In her affidavit, Cabalo said that while she is already familiar with De Lima’s signature, she still asked for a government issued identification card to compare the signatures.

“The petition was already signed at the time she met Senator De Lima. She did not sign the petition before the notary public. So, from the affidavit alone of the notary public, there was non-compliance of our 2004 Rules on Notarial Practice,” Velasco said.

During the interpellation by Associate Justice Mariano del Castillo, Calida differentiated the act of “taking advantage of public office” as alleged against De Lima and crimes committed “in relation to public office,” which fall under jurisdiction of the Sandiganbayan.

He argued that the position of De Lima as secretary of Justice was “just an aggravating circumstance” and that her purpose really was to raise drug money for her senatorial bid last year.

Sereno and Associate Justice Marvic Leonen, for their part, grilled Calida on the jurisdiction issue.

Both magistrates pointed out that De Lima’s case requires the SC to settle if the drug case falls within the jurisdiction of the RTC or Sandiganbayan to set the standard for similar drug cases expected to be filed against public officials.

Sereno tackled the issue of violation of the equal protection clause of the Constitution in De Lima’s case, citing the gray area on which criminal cases against public officials should be filed before the RTC or the Sandiganbayan.

She stressed it would be necessary for the SC to clarify the issue to serve as guide for the Department of Justice on when to pursue cases in RTC and when to refer the cases to the Ombudsman, which is tasked to prosecute cases in the anti-graft court.

Calida, in response, suggested that drug cases should be left to the jurisdiction of RTCs while graft cases to the Sandiganbayan.

Leonen, on the other hand, quizzed the Solicitor General on De Lima’s allegation that she is being persecuted by the Duterte administration for her persistent criticisms on the war on drugs.

The justice cited exemptions to the general rule on hierarchy of courts in criminal cases as set by the SC in previous cases.

The three-part oral arguments focused on six procedural and substantive issues on the plea of De Lima to nullify the arrest warrant issued by a Muntinlupa court in connection with the drug trafficking charges filed by the Department of Justice.

On the procedural side, the SC will determine whether or not De Lima is excused from compliance with the doctrine of hierarchy of courts considering that the petition should have been filed first with the Court of Appeals and whether or not the pendency of the motion to quash the information before the Muntinlupa RTC Branch 204 renders the instant petition premature.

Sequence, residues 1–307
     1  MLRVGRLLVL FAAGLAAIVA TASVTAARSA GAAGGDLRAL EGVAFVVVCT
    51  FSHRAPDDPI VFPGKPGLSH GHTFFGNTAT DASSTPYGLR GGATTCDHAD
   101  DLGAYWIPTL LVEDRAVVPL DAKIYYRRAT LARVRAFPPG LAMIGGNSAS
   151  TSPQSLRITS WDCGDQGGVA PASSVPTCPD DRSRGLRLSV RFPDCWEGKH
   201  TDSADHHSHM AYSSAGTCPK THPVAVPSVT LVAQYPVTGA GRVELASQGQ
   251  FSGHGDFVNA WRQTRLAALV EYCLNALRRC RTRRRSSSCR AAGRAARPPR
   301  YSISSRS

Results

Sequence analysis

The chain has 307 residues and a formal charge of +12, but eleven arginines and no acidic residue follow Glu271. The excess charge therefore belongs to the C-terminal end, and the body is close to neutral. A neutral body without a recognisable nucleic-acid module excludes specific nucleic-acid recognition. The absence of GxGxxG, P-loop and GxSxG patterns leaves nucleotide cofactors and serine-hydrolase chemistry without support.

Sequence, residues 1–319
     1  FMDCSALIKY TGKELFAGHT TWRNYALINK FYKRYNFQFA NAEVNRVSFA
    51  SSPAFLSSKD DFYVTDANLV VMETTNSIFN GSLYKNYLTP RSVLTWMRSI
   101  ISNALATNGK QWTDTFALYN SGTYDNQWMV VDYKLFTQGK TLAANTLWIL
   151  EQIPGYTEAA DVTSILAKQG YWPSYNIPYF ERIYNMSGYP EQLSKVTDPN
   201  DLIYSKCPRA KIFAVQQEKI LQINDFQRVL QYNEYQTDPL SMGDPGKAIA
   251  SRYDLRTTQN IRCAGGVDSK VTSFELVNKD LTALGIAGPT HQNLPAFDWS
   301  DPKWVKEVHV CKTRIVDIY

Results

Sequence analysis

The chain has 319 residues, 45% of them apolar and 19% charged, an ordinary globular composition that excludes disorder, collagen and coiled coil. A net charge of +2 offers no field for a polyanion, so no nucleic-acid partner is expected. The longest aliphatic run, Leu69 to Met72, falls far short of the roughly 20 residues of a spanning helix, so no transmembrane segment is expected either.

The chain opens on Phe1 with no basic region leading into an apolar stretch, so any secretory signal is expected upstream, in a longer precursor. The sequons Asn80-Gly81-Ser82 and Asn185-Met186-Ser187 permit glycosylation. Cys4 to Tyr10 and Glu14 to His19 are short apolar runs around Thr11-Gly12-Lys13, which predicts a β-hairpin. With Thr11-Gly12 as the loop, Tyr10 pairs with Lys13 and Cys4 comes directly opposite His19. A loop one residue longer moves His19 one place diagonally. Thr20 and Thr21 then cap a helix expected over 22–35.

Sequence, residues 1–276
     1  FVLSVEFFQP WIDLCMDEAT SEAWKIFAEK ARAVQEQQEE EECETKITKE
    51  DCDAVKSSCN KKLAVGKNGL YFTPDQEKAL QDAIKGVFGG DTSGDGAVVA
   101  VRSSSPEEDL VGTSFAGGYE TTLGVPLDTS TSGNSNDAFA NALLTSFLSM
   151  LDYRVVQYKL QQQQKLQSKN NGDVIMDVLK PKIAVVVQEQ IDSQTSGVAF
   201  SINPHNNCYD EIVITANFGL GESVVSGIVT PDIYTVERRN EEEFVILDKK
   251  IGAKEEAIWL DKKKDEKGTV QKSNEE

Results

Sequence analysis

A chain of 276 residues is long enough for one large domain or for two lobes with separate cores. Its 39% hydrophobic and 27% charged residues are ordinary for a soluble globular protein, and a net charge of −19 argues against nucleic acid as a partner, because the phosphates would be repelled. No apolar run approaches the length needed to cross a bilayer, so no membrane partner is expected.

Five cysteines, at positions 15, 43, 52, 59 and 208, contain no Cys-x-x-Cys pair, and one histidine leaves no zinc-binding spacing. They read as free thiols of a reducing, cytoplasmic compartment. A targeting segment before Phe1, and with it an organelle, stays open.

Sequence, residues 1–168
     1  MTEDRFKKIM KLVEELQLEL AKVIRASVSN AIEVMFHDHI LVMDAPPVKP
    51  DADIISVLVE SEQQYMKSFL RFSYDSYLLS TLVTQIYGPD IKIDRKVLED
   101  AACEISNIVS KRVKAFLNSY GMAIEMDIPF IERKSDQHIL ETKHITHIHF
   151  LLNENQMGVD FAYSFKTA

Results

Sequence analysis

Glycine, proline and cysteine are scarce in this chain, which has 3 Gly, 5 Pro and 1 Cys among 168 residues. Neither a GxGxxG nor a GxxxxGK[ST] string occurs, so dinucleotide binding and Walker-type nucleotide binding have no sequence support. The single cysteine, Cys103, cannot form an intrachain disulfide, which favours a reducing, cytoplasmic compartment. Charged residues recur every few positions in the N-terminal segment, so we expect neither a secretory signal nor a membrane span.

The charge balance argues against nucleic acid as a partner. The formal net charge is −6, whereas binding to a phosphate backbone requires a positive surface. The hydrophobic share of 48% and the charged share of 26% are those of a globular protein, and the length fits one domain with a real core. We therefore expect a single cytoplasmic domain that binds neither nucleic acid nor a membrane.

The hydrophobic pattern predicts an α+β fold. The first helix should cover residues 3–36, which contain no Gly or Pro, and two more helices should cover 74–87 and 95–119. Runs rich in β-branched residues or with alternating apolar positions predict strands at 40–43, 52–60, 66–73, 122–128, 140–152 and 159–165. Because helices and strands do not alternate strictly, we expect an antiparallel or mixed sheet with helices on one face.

Likewise, the SC will also rule whether the petition violated the rule on forum shopping considering the pending motion to quash she filed before the trial court and a petition for certiorari before the Court of Appeals questioning the preliminary investigation conducted by the DOJ.

On the substantive issued, the Court will determine whether the Muntinlupa RTC or the Sandiganbayan has the jurisdiction over De Lima’s case and whether or not the respondent — Judge Juanita Guerrero — gravely abused her discretion in finding probable cause to issue the arrest warrant.

The Court will also decide whether or not the petitioner is entitled to a temporary restraining order and or a status quo ante order in the interim until the instant petition is resolved or until the trial court rules on the motion to quash.

De Lima, now detained at the PNP Custodial Center, argued that the allegations against her do not actually constitute sale and trading of illegal drugs and liability of government officials under Republic Act 9165 (Comprehensive Dangerous Drugs Act), but rather only direct bribery.

Under the law, petitioner stressed that such charges should fall under the jurisdiction of the Sandiganbayan — not the RTC — because her position at that time was secretary of Justice which has salary grade higher than 27.

Separate cases for three counts of drug trafficking were filed against De Lima before the Muntinlupa RTC which were assigned to three different courts.

The cases for sale and trading of illegal drugs and liability of government officials under Republic Act 9165 (Comprehensive Dangerous Drugs Act) were assigned to RTC Branch 204 Judge Juanita Guerrero, Branch 205 Judge Amelia Fabros-Corpuz and Branch 206 Judge Patria Manalastas-De Leon.

The first case in Branch 204 includes De Lima, Dayan and Ragos.

De Lima is joined by her nephew Jose Adrian Dera in the second case in Branch 205.

The third case in Branch 206 is against De Lima, Dera, Dayan, former BuCor chief Franklin Bucayu, his alleged bagman Wilfredo Elli, high-profile inmate Jaybee Sebastian, and De Lima’s former bodyguard Jonel Sanchez. Christopher Caliwan/